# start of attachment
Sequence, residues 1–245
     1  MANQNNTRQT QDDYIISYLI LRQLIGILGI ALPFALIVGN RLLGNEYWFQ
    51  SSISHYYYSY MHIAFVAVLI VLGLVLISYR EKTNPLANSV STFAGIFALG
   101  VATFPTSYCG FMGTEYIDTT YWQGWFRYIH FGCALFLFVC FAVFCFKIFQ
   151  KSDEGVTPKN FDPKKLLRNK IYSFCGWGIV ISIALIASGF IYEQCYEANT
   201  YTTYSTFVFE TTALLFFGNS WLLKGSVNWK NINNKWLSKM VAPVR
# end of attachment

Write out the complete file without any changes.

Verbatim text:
Sequence, residues 1–245
     1  MANQNNTRQT QDDYIISYLI LRQLIGILGI ALPFALIVGN RLLGNEYWFQ
    51  SSISHYYYSY MHIAFVAVLI VLGLVLISYR EKTNPLANSV STFAGIFALG
   101  VATFPTSYCG FMGTEYIDTT YWQGWFRYIH FGCALFLFVC FAVFCFKIFQ
   151  KSDEGVTPKN FDPKKLLRNK IYSFCGWGIV ISIALIASGF IYEQCYEANT
   201  YTTYSTFVFE TTALLFFGNS WLLKGSVNWK NINNKWLSKM VAPVR